## Overview

IMPORTANT NOTE: Support for addins is available only within the most recent release of RStudio (v0.99.878 or later). If you want to try out addins please be sure to download this release.

RStudio addins provide a mechanism for executing R functions interactively from within the RStudio IDE—either through keyboard shortcuts, or through the Addins menu.

An addin can be as simple as a function that inserts a commonly used snippet of text, and as complex as a Shiny application that accepts input from the user, and later mutates a document open in RStudio. The sky is the limit!

Here are two examples of addins in action (click on the thumbnail to see a brief demonstration):

#### Reformat R code

This guide will walk you through the basics of installing addins, binding keyboard shorcuts to them, and finally developing your own addins.

### Installation

RStudio Addins are distributed as R packages. Once you’ve installed an R package that contains addins, they’ll be immediately become available within RStudio.

Let’s start by playing around with a couple of the example addins provided by the addinexamples package. Within RStudio, install this package (plus its requisite dependencies) with:

devtools::install_github("rstudio/addinexamples", type = "source")

After installing this package, you should see the Addins toolbar menu populated with the addins exported by this package:

Try clicking the Insert %in% addin – you’ll see the text %in% inserted at the cursor position.

The Addins menu displays up to 15 addins, if you have more than 15 installed you can access all of them via the Browse Addins… dialog:

### Keyboard Shorcuts

Of course, it would be preferable to insert %in% through a keyboard shortcut rather than through clicking through a menu, so let’s learn how to bind this addin to a keyboard shortcut.

First, click Browse Addins… to explore all of the addins currently available.

At the bottom left of the dialog, you’ll see the Keyboard Shortcuts… button. Click this, and the Modify Keyboard Shortcuts widget will be opened, filtered to the current set of addins. Let’s bind Insert %in% to Ctrl + Alt + Shift + K – click on the ‘Shortcut’ field for the ‘Insert In’ addin row, and type those keys.

You’ve now bound this addin to a keyboard shortcut! Try typing Ctrl + Alt + Shift + K in the editor, and you’ll see %in% inserted at the cursor position. You can imagine generating a number of these addins yourself for other commonly used code snippets or operators.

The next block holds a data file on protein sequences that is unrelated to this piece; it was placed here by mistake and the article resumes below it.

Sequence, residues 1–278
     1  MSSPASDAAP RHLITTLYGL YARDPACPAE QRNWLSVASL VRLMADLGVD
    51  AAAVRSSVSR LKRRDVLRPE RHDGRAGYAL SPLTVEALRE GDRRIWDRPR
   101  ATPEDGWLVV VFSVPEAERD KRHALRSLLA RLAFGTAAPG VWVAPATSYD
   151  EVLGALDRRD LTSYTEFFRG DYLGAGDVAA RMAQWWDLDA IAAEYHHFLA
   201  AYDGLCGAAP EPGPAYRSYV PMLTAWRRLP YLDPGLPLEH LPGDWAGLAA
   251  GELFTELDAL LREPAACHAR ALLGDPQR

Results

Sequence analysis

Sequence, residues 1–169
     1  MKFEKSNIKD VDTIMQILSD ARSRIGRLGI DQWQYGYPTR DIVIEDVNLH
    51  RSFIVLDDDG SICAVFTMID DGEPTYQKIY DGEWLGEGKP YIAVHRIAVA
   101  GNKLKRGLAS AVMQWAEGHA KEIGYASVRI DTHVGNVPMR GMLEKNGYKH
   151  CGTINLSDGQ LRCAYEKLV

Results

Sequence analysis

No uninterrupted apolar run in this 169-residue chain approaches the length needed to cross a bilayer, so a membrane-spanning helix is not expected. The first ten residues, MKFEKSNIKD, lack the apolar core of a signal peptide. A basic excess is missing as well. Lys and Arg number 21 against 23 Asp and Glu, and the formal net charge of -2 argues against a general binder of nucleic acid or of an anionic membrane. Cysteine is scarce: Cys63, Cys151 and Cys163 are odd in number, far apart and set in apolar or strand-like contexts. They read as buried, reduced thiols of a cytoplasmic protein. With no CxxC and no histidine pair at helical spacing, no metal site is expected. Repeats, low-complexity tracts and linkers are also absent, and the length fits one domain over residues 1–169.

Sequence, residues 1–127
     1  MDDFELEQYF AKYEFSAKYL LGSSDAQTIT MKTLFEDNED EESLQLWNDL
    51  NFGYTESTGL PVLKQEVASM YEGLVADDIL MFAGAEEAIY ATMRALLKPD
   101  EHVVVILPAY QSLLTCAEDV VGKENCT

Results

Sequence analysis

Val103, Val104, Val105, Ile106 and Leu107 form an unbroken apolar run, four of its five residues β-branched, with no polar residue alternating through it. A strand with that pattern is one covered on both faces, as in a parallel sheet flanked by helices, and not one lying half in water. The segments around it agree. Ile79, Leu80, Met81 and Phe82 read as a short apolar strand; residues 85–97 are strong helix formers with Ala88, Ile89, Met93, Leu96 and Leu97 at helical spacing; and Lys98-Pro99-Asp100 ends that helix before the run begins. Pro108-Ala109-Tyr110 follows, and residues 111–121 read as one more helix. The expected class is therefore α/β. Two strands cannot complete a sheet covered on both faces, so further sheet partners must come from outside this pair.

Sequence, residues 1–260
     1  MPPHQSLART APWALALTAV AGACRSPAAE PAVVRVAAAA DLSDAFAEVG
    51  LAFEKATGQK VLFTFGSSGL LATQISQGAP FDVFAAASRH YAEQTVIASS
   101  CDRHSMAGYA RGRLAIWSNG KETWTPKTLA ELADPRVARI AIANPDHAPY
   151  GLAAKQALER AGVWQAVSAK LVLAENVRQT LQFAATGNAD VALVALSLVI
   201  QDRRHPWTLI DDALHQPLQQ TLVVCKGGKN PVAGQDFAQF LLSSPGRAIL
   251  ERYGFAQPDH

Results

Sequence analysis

You might be surprised to know that the Insert %in% addin is implemented entirely with R code. In fact, the R function that made this happen is located here, and its definition is simply:

insertInAddin <- function() {
rstudioapi::insertText(" %in% ")
}

Try executing addinexamples::insertInAddin() directly at the console. You should also see %in% inserted immediately after executing the function. This is exactly what RStudio is doing behind the scenes; it’s just allowing you to execute that function through some UI rather than manually writing and executing the function yourself.

There are two major types of addins:

1. Text macros, which insert text into the console or source pane and in some cases transform text within the source pane. The insertInAddin addin defined above is an example of a text macro.

2. Shiny Gadgets, which are fully interactive Shiny applications. Gadgets may also perform text transformations but they of course capable of much more.

More details on Shiny Gadgets are provided below, but first we’ll take a look at using the rstudioapi package (which allows us to interact with RStudio from R code) and then what it takes to install and register an addin.

### RStudio API

The rstudioapi package allows you to interact with RStudio directly from the R code you write. You should install a recent (>= v0.5) version of the rstudioapi package to ensure you have access to all of the functions described below:

install.packages("rstudioapi", type = "source")